Do you prefer New World or Old World wine?

Today I don’t see a lot of differentiation in quality between the two. I do think, however, that traditions are more preserved in the Old World, both by regulation and culture. This has maintained the unique properties of the greatest wines in the world. I enjoy both New World and Old World wines, as long as they are top quality and distinctive.

Is there a wine you can recommend as a good long-term investment?

By far the majority of AWC’s clients are wine enthusiasts, people whose primary motive for buying wine is to enjoy the process of accumulating it, maturing it and drinking it. In all probability its value will increase over time, making it feasible to sell off a proportion of stock from time to time to fund the purchase of a new vintage or extend the range in the cellar. I’ve never seen pleasure in day trading fine wine and in normal market circumstances I don’t think that it’s financially viable as a purely speculative commodity. The wines which rise in value are those with longstanding international appeal – that means Grand Cru Bordeaux and Grand Cru Burgundy, perhaps also a handful of Italian wines.

What has been your greatest discovery?

In the early 90s over lunch with a winemaker at the restaurant Savoie in the village of Margaux, I discovered a bottle of Chateau Margaux 1900 on their wine list. The bottle approaching a hundred years old seemed very modestly priced in comparison to where its value was heading on the international market. I told the waiter I wanted to buy it, he took my credit card, and then returned with the bottle… but also a corkscrew! What I’d intended to be a shrewd inventory investment almost turned into an expensive lunch mistake.

Best cure for a hangover?

I don’t know because I don’t think I’ve ever had one!

Matt Reid, owner – Maximal Concepts

Flawless_MG_8391 Maximal Concepts is a Hong Kong-based restaurant and lifestyle group with numerous award-wining venues including Mott 32, Blue Butcher, Fish & Meat, Stockton and Brickhouse.

Do you remember the first time you drank wine?

My father is extremely passionate about wine and he shared that with me from a very young age. He always impressed on me the patience and virtues that made a fine wine.

How often do you drink wine?

We do find ourselves tasting wine very often on a weekly basis.

New World or Old World?

I grew up with quite a lot of Francophile influences and so err to the Old World, but increasingly I have many favourites that come from the New.

Which wine region do you find yourself most drawn to?

Burgundy is the region that offers the greatest challenge and reward. There are so many nuances and variety with undoubtedly some of the world’s finest wines.

Any up-and-coming regions we might not be aware of?

I have grown a huge love for Italian wines since opening Fish & Meat. Not an unknown region by any means but still one with much distrust and so much complexity it’s often overlooked outside of its core grapes and known varietals.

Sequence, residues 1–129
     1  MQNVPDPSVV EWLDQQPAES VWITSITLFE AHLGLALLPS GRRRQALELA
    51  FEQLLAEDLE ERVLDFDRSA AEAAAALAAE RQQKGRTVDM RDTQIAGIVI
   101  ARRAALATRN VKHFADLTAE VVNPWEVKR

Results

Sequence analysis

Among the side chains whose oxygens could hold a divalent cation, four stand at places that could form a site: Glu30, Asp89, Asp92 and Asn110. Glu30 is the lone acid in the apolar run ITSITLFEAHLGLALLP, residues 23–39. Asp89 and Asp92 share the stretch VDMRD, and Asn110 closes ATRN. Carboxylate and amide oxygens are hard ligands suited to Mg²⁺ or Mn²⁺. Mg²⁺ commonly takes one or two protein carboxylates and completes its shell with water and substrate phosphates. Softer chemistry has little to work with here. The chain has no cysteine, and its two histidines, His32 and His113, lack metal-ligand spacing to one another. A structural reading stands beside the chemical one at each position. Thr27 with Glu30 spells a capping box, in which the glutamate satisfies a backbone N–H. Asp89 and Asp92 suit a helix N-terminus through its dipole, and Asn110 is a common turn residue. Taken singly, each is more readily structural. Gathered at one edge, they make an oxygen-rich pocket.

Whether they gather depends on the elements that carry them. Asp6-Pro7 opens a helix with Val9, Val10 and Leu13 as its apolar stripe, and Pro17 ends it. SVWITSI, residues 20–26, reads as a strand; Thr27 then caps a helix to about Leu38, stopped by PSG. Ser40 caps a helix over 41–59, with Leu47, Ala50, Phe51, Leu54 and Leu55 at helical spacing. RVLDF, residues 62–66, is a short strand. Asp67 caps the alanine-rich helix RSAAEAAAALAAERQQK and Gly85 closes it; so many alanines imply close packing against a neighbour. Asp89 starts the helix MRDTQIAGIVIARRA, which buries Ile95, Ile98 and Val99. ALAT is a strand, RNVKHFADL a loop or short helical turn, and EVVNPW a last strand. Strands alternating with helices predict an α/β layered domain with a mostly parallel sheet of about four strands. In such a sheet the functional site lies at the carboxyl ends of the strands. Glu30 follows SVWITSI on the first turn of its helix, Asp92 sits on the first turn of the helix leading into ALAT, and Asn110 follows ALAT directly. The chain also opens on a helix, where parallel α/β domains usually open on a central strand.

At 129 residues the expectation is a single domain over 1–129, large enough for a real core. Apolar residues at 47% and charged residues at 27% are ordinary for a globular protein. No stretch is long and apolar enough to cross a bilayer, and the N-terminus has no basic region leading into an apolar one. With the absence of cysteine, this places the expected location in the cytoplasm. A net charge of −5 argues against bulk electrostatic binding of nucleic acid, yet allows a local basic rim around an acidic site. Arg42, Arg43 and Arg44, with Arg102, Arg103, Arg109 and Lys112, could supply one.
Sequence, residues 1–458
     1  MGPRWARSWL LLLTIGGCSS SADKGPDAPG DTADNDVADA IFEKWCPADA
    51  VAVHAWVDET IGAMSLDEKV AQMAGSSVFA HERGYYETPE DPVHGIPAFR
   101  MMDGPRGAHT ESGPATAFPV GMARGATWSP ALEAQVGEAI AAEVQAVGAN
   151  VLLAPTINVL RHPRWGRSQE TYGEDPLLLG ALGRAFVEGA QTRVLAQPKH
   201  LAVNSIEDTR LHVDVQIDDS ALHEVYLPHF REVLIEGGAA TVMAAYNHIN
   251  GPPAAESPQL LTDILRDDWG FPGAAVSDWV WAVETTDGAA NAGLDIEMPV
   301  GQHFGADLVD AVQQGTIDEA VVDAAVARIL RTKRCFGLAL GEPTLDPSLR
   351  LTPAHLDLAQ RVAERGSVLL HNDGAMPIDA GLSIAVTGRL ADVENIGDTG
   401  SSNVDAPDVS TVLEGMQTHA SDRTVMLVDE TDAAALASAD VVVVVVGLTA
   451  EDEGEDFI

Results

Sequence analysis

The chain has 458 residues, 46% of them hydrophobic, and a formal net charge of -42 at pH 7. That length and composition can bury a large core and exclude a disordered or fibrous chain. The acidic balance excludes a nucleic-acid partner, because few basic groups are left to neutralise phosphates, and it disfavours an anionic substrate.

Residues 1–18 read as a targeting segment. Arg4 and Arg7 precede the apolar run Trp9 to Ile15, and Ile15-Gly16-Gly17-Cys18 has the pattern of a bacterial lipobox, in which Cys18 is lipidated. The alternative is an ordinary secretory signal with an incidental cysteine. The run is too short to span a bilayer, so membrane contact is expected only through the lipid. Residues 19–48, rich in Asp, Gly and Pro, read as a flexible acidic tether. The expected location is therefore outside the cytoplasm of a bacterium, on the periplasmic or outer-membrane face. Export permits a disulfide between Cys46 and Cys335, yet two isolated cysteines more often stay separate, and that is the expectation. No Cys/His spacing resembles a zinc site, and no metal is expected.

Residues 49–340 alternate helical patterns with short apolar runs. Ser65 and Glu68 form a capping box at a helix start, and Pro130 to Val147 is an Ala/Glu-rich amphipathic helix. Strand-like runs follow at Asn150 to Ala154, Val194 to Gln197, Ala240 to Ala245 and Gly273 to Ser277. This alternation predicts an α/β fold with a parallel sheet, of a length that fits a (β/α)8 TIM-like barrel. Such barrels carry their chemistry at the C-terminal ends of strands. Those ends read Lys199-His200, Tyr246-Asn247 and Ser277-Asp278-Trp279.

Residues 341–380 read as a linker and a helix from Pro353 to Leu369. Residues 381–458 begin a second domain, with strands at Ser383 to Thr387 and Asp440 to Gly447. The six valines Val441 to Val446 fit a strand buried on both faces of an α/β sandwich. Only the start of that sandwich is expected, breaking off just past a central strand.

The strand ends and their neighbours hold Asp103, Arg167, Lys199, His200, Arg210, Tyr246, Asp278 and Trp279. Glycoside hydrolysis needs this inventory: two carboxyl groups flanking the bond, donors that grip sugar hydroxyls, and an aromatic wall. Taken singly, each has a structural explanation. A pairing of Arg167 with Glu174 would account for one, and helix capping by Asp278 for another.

What do you think is the most versatile wine?

Rosé is a wine that is much loved in Europe but rather overseen in Hong Kong. I think it has a lot to offer particularly because of its versatility. Whether snacking on bread and olives or enjoying a hearty leg of lamb, a good rosé will stand you in good stead.

What wine do you think is underrated?

Alsace white wines are often overlooked for a variety of reasons such as the bottle shape and design which is akin to some German wines. However, many are surprisingly flavourful, fruity and not overly sweet as often perceived. They can also be very good value.

And the most overrated?

I think that Albariño is rather overrated. Despite being one of Spain’s most popular I find the grape rarely makes world-class wines. It’s very one-dimensional and actually pretty expensive when sat side by side with other aromatic dry whites.

Which wines do you think make a good long-term investment?

I think with increased impact of global warming, we will continue to see a trend of declining or nonperforming vintages of Pinot Noir in Burgundy. Inevitably as these become harder to produce, their value will increase significantly.

Favourite food and wine combination?

A bottle of 1984 Henschke Hill of Grace and Mayura Farm M9 Wagyu sirloin steak charred medium is a combination very close to my heart.

If I could only drink one wine for the rest of my life…

I would ask what I did wrong to be given such a fate.

Tell us a surprising fact about wine.

It has been proven (by an Italian of course) that women who have two glasses of wine daily enjoy an improved sex life compared to women who don’t drink wine at all.

Best cure for a hangover…

A glass of cold Bandol rosé in the sun at our new restaurant Limewood, which is on the beach in Repulse Bay.

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16/F Chao's Building  |  143-145 Bonham Strand  |  Sheung Wan  |  Hong Kong
T: +852 33620 3157  |  F: +852 3753 1811  |  thereserve@infonation-asia.com  |  Data Policy